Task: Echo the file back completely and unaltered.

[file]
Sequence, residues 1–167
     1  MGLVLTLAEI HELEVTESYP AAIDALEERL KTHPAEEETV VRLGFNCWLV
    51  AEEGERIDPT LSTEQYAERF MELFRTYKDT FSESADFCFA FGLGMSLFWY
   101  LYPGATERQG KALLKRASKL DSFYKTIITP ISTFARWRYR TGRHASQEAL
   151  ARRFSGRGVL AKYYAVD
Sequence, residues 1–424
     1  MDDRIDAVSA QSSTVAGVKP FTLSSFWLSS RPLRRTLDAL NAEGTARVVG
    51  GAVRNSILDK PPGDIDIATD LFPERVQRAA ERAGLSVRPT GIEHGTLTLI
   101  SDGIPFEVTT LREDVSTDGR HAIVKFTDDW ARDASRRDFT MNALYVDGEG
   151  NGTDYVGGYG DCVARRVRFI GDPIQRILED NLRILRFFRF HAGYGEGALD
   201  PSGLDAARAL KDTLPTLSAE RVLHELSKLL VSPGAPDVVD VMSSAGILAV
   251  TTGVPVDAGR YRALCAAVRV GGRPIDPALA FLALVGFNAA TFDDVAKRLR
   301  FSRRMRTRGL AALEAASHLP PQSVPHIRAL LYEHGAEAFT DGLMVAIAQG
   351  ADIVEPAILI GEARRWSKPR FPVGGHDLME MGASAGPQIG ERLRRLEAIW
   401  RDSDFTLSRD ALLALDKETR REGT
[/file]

Sequence, residues 1–167
     1  MGLVLTLAEI HELEVTESYP AAIDALEERL KTHPAEEETV VRLGFNCWLV
    51  AEEGERIDPT LSTEQYAERF MELFRTYKDT FSESADFCFA FGLGMSLFWY
   101  LYPGATERQG KALLKRASKL DSFYKTIITP ISTFARWRYR TGRHASQEAL
   151  ARRFSGRGVL AKYYAVD
Sequence, residues 1–424
     1  MDDRIDAVSA QSSTVAGVKP FTLSSFWLSS RPLRRTLDAL NAEGTARVVG
    51  GAVRNSILDK PPGDIDIATD LFPERVQRAA ERAGLSVRPT GIEHGTLTLI
   101  SDGIPFEVTT LREDVSTDGR HAIVKFTDDW ARDASRRDFT MNALYVDGEG
   151  NGTDYVGGYG DCVARRVRFI GDPIQRILED NLRILRFFRF HAGYGEGALD
   201  PSGLDAARAL KDTLPTLSAE RVLHELSKLL VSPGAPDVVD VMSSAGILAV
   251  TTGVPVDAGR YRALCAAVRV GGRPIDPALA FLALVGFNAA TFDDVAKRLR
   301  FSRRMRTRGL AALEAASHLP PQSVPHIRAL LYEHGAEAFT DGLMVAIAQG
   351  ADIVEPAILI GEARRWSKPR FPVGGHDLME MGASAGPQIG ERLRRLEAIW
   401  RDSDFTLSRD ALLALDKETR REGT